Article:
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Leigh Goodmark, JD, BA, is a professor at the University of Maryland Francis King Carey School of Law. Goodmark directs the Gender Violence Clinic, a clinic providing direct representation in matters involving intimate partner abuse, sexual assault, trafficking, and other cases involving gender violence. Goodmark’s scholarship focuses on domestic violence. She is the co-editor of Comparative Perspectives on Gender Violence: Lessons from Efforts Worldwide (Oxford, 2015) and the author of A Troubled Marriage: Domestic Violence and the Legal System (New York University, 2012), which was named a CHOICE Outstanding Academic Title of 2012. Her work on domestic violence has appeared in numerous journals, law reviews, and publications, including Violence Against Women, the Harvard Civil Rights-Civil Liberties Law Review, the Yale Journal on Law and Feminism, and Fusion.net. From 2003 to 2014, Goodmark was on the faculty at the University of Baltimore School of Law, where she served as director of clinical education and co-director of the Center on Applied Feminism. From 2000 to 2003, Goodmark was the director of the Children and Domestic Violence Project at the American Bar Association Center on Children and the Law. Before joining the Center on Children and the Law, Goodmark represented battered women and children in the District of Columbia in custody, visitation, child support, restraining order, and other civil matters. Goodmark is a graduate of Yale University and Stanford Law School.
Richard P. Barth, PhD, MSW. Richard Barth has an AB from Brown and a MSW and PhD, from the University of California, Berkeley. He has served as a chaired professor at Berkeley and the University of North Carolina (UNC) and for the last decade has served as the dean of the School of Social Work at the University of Maryland. Barth has authored or co-authored 10 books and more than 250 book chapters and articles about children’s services—especially related, recently, to evidence-based practices and children’s mental health and child welfare. He was the 1986 winner of the Frank Breul Prize from the University of Chicago; a Fulbright Scholar in 1990 and 2006; the 1998 recipient of the Presidential Award for Excellence in Research from the National Association of Social Workers; the 2005 winner of the Flynn Prize for Research; the 2007 winner of the Peter Forsythe Award for Child Welfare Leadership from the American Public Human Services Association; the 2010 Lifetime Achievement Award from the Society for Social Work and Research; the 2012 “Friends of Children” Award from the North American Council on Adoptable Children; and the 2015 Doug Kirby Research Award from the Healthy Teen Network. He is the president of the American Academy of Social Work and Social Welfare. Barth has a wealth of experience with teaching and research related to IPV, having co-taught a course on the topic in 1984 at Berkeley, been part of a NIJ-funded research team on the overlap between domestic violence and child welfare services while at UNC in the 1990s, as a continued supporter of efforts to better serve those who experience violence and commit family violence since becoming dean at the University of Maryland in 2006, and as one of the co-leads of the Grand Challenges for Social Work network to “Stop Family Violence.”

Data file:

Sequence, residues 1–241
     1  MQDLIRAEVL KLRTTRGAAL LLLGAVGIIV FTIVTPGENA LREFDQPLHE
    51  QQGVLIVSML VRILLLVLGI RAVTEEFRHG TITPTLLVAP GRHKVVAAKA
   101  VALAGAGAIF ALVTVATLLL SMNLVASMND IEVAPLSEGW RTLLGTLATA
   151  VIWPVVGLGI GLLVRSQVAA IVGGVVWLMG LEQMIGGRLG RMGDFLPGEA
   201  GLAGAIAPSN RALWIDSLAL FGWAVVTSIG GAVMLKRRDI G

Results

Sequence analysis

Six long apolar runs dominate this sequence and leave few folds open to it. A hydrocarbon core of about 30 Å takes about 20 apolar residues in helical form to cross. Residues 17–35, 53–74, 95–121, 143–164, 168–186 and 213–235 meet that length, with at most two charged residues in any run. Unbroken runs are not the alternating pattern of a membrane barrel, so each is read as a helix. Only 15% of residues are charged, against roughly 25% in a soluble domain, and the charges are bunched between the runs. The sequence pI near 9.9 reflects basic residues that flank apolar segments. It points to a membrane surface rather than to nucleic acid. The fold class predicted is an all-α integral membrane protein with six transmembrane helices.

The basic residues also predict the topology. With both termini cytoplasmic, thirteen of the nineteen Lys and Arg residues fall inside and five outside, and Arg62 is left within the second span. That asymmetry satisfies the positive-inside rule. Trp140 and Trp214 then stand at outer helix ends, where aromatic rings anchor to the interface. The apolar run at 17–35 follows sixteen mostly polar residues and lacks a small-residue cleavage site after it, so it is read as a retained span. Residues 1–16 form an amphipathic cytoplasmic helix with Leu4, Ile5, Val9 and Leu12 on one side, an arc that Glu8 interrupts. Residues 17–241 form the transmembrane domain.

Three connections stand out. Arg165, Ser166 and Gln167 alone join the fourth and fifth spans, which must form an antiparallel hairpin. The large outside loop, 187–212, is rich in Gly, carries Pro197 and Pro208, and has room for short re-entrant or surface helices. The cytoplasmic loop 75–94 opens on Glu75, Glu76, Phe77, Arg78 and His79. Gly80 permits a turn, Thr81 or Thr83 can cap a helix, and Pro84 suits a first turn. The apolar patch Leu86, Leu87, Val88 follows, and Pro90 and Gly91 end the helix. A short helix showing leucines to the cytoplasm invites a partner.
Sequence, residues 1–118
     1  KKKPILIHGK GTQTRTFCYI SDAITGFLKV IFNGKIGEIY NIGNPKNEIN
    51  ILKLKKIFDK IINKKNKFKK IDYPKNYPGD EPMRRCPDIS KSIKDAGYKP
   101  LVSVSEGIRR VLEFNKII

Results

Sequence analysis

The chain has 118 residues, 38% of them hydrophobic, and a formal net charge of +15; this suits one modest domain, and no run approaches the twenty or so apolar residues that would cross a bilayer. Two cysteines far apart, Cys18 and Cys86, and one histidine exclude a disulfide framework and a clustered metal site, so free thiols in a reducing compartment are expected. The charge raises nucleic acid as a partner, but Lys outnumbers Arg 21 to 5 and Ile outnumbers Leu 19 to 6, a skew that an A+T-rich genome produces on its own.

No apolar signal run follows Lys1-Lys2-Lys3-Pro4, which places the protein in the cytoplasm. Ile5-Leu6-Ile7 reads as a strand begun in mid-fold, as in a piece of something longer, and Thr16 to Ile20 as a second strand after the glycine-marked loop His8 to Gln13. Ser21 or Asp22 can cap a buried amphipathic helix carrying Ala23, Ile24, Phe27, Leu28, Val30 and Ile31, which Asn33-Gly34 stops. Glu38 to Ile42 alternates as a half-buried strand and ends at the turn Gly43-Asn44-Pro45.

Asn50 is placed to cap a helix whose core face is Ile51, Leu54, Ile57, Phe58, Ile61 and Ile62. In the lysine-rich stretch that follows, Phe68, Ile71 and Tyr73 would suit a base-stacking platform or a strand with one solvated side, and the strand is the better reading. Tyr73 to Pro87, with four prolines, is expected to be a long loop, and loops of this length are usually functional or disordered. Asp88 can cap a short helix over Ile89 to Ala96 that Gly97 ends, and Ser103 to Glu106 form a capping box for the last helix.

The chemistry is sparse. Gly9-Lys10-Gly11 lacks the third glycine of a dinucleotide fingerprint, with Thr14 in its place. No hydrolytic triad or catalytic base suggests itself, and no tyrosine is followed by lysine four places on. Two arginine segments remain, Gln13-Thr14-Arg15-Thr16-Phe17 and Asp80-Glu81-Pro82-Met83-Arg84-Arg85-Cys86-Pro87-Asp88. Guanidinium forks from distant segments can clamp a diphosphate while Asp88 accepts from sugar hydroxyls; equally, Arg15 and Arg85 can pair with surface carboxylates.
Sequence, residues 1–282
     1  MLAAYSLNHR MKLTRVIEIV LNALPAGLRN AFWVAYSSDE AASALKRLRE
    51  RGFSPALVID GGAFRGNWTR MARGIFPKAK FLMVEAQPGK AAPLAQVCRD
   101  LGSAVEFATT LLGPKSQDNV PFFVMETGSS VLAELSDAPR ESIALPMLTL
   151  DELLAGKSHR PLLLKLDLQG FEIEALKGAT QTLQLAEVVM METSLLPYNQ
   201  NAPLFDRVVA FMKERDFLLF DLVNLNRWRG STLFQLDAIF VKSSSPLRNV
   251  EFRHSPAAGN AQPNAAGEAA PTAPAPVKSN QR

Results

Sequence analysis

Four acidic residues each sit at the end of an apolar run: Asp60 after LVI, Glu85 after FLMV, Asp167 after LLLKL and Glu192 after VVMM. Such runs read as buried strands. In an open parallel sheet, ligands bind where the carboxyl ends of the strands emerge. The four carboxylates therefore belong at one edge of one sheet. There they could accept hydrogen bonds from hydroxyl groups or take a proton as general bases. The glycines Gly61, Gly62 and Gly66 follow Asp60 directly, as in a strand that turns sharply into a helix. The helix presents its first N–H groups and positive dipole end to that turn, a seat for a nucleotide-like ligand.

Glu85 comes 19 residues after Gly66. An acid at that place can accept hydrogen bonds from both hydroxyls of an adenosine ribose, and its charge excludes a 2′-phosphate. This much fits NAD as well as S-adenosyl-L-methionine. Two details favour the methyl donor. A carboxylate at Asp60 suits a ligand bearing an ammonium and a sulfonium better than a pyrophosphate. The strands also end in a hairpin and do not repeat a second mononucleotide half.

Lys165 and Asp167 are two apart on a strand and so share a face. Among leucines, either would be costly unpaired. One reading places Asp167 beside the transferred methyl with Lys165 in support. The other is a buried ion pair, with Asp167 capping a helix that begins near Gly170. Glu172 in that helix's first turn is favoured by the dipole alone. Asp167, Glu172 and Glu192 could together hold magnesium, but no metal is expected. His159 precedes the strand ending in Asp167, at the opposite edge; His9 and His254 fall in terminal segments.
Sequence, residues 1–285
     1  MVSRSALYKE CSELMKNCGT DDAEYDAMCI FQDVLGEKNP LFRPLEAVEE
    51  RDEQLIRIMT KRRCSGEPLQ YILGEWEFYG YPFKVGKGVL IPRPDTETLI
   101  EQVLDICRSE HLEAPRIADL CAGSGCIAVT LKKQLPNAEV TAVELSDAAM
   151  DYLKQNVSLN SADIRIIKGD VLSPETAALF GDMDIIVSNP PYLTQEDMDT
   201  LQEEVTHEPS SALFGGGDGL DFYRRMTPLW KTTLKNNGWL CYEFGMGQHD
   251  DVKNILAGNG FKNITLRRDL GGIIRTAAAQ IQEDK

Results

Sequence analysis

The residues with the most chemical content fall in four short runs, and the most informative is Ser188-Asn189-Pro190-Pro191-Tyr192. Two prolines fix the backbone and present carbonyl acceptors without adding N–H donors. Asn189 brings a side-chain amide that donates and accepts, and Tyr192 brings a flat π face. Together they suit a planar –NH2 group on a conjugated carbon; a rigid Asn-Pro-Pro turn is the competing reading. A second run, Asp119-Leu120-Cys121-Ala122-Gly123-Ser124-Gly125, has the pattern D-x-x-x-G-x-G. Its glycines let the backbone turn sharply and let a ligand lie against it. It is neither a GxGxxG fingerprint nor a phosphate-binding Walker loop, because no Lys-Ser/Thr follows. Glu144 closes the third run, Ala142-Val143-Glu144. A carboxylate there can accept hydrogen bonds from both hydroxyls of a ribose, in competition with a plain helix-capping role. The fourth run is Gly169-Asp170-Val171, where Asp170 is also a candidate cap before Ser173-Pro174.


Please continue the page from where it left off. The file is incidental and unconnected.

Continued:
Veronica Njie-Carr, PhD, RN, ACNS-BC, FWACN, is an assistant professor in the School of Nursing. She has extensive experience and expertise in the area of adult health and HIV-related disparities. Her program of research focuses on systematic cross-cultural investigations to reduce health disparities among people of African heritage with particular focus on women at risk or living with HIV. Specific to the primary goals of the IPV Collaborative, she works on projects prioritizing the unique needs of vulnerable populations and the intersection of HIV and intimate partner violence. These include a cross-national study conducted with women in Baltimore and the U.S. Virgin Islands focused on childbearing experiences with HIV and implications for HIV status disclosure and decision-making processes; and collaborative projects investigating the interaction between HIV and intimate partner violence and including women survivors’ perspective and male perpetrators’ roles in propagating violence against women. Her most recent research work is on a multiphase, multisite study to empower immigrant and refugee women experiencing violence using a modified culturally specific danger assessment instrument.
Michele Beaulieu, LCSW-C
Program Manager, University of Maryland School of Social Work
Michele Beaulieu, LCSW-Cis program manager, BHWISE & SBIRT Projects at the University of Maryland School of Social Work. As a licensed clinical social worker she has spent the majority of her professional career providing direct clinical service in the fields of intimate partner violence and women’s health. In her role as a clinical social worker, she was an important member of an interprofessional team dedicated to integrated health. Additionally, for close to 10 years she was a clinical field instructor for MSW students attending the University of Maryland School of Social Work, and was committed to training graduate level social workers. She left direct service work to coordinate a competitive grant received by the Maryland Department of Health and Mental Hygiene, training reproductive health professionals how to screen and provide brief interventions for intimate partner violence and reproductive coercion to their patients.